Canada's Greenhouse Gas Emissions
As part of its commitments under the United Nations Framework Convention on Climate Change (UNFCCC), Canada must submit an annual national greenhouse gas emissions inventory. These inventories must be prepared according to UNFCCC reporting guidelines. Environment Canada develops and publishes Canada's annual greenhouse gas inventory, estimating emissions for the following greenhouse gases:
- carbon dioxide (CO2)
- methane (CH4)
- nitrous oxide (N2O)
- sulphur hexafluoride (SF6)
- perfluorocarbons (PFCs)
- hydrofluorocarbons (HFCs)
Total greenhouse gas emissions are expressed in units of CO2 equivalent (CO2e), which includes methane (CH4), nitrous oxide (N2O) and three other gases converted into the equivalent amount of carbon dioxide (CO2) based on each gas's relative ability to trap heat.
Canada's Annual Greenhouse Gas Emissions
Since 1990, the year that most countries use as their starting point or baseline for reporting greenhouse gas emissions, Canada's total emissions have risen by 19.6 per cent from 607 Mt CO2e to 726 Mt CO2e in 2000. This is about 2 per cent of total global greenhouse gas emissions, but on a per-capita basis, our emissions place Canada seventh in the world and second among large countries. By clicking on the table below, you will see a summary of Canada's greenhouse gas emissions from 1990 to 2000, along with provincial and territorial greenhouse gas emissions for the same period.
Canada's provinces and territories vary widely in their greenhouse gas emissions. The chart below compares 1990 and 2000 emissions for each province and territory. Environment Canada provides a more detailed online analysis of provincial and territorial emissions by sector. Alberta's emissions rose 30 per cent from 1990 to 2000, from 171 Mt to 223 Mt of CO2e, much of which is related to increased production of petroleum products for export.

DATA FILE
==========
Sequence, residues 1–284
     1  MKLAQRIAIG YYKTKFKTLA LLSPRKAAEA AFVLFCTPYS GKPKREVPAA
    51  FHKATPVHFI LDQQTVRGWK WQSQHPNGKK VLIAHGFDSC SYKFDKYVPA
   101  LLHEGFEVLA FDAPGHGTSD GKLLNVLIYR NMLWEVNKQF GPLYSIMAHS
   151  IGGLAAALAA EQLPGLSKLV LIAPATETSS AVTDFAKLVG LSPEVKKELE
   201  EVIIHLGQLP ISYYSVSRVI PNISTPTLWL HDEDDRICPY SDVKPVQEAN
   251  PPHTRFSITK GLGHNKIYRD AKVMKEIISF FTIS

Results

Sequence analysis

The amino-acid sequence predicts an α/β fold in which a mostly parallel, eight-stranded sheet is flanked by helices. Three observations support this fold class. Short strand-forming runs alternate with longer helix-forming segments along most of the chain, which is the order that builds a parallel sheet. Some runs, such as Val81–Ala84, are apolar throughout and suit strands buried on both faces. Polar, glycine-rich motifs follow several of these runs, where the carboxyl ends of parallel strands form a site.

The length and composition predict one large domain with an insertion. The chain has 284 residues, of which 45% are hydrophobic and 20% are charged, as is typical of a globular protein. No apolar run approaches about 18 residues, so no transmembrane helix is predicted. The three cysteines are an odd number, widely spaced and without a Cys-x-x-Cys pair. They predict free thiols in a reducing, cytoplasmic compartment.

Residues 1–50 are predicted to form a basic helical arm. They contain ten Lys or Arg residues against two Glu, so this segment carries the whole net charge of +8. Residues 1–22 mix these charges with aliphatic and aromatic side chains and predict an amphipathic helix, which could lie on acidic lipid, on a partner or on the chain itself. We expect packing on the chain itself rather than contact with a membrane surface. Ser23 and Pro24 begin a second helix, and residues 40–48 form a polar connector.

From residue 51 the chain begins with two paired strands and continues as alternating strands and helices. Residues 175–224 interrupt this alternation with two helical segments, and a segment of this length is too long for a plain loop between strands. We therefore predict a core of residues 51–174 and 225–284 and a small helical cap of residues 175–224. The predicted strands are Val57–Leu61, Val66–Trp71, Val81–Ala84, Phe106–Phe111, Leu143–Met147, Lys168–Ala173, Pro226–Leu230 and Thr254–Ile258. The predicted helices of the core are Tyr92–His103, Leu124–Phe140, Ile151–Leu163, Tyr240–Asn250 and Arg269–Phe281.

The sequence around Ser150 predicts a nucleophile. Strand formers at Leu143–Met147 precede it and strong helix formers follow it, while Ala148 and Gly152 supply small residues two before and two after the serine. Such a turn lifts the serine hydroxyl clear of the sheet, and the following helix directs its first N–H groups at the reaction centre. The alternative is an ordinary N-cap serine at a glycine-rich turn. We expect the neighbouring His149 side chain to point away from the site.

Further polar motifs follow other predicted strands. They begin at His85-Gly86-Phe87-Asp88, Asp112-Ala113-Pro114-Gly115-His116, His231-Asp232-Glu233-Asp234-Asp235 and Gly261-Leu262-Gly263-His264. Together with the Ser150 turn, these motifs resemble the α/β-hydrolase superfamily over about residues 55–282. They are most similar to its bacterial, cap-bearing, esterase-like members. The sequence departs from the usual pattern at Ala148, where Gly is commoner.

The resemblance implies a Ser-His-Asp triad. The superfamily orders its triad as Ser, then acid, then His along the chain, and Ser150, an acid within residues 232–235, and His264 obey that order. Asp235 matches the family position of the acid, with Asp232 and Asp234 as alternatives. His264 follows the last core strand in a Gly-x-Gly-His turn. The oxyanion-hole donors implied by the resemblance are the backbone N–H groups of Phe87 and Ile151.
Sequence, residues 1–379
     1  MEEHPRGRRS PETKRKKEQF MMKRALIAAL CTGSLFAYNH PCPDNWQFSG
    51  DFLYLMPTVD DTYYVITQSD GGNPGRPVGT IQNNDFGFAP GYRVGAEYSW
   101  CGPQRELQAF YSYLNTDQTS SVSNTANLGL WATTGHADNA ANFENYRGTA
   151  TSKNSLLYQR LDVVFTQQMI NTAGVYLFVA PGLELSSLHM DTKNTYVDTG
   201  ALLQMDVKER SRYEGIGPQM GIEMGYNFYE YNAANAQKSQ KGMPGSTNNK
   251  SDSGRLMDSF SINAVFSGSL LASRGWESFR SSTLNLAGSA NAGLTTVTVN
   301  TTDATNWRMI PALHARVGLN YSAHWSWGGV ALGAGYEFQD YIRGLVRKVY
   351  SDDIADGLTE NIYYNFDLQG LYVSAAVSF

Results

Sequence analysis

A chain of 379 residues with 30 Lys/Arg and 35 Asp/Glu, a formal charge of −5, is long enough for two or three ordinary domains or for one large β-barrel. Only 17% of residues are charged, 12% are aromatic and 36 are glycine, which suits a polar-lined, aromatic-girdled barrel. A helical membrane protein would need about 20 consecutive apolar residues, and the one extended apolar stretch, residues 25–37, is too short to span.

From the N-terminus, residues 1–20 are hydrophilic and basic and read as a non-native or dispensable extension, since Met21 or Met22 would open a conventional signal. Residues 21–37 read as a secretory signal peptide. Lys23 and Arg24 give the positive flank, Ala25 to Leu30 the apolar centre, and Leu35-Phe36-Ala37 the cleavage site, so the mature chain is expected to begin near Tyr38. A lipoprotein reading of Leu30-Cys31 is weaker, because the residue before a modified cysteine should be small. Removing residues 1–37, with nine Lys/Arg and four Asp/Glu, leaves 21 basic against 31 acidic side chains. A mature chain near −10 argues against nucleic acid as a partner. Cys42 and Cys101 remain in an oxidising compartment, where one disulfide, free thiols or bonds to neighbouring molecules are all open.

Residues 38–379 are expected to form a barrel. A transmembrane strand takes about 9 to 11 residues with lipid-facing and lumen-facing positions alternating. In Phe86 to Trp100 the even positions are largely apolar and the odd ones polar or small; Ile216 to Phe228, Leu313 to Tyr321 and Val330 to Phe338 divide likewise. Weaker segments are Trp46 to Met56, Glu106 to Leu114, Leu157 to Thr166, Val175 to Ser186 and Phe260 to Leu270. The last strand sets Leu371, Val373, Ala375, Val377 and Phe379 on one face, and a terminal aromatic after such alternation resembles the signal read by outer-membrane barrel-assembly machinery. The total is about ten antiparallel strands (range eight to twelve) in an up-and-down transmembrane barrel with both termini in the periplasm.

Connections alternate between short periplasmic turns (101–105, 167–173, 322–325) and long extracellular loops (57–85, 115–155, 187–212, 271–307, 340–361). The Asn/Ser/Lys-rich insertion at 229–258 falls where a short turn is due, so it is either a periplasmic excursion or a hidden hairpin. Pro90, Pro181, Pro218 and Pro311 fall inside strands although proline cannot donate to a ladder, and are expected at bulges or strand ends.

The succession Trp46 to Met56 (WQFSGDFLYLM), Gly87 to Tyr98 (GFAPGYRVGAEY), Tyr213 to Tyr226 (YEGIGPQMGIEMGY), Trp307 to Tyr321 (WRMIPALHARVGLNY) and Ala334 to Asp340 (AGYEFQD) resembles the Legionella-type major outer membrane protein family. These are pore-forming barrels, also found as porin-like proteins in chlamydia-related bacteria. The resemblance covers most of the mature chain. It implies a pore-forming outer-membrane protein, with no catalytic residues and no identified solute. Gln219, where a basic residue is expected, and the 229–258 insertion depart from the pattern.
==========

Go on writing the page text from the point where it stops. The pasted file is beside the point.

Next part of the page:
Total Provincial and Territorial Greenhouse Gas Emissions, 1990 and 2000
The chart below shows the composition of Canada's greenhouse gas emissions. Carbon dioxide comprises the lion's share of 2000 emissions at 79 per cent, followed by methane and nitrous oxide. The remaining three gases made up less than 1 per cent each.
Canada's Greenhouse Gas Emissions, by Gas (2000)
Emission sources - Where Canada's greenhouse gas emissions come from 15
Canada's inventory uses an internationally-agreed upon reporting format that estimates emissions from six sectors:
- Industrial Processes
- Solvents and Other Product Use
- Land-Use Change and Forestry
About 73 per cent of Canada's greenhouse gas emissions in 2000 came from the combustion of fossil fuels, with another 7.4 per cent from fugitive emissions, for a total of nearly 81 per cent from the energy sector. The energy
sector includes emissions of all greenhouse gases from the production of fossil fuels and their combustion for the main purpose of delivering energy.
Landfill emissions of methane increased by nearly 22 per cent from 1990 to 2000, despite better landfill gas capture and combustion, which grew almost 33 per cent during the same time.
The "industrial processes" sector includes greenhouse gas emissions that are a direct by-product of such processes. In 2000, industrial process emissions were about 7 per cent of Canada's total (51 Mt) and came from a diversity of sources: mineral
products, chemicals, metal production, consumption of SF6, and others.
Although Canada complies with the UNFCCC reporting requirements for its emissions, Environment Canada has used a modified sector approach, as shown in the table below, to make the information more accessible. This table shows how Canada's greenhouse gas emissions have changed in each sector in the last decade.
In the pie chart below, the electricity and petroleum industries have been separated and emissions from road vehicles have been separated from the full transportation category to show the relative amounts of emissions produced by each sector in 2000.
Canada's greenhouse gas emissions by broad sector (2000) 16
Environment Canada's detailed national summary of emissions for 1990-2000, using the specific categories as required in the UNFCCC emissions reporting process, is also online.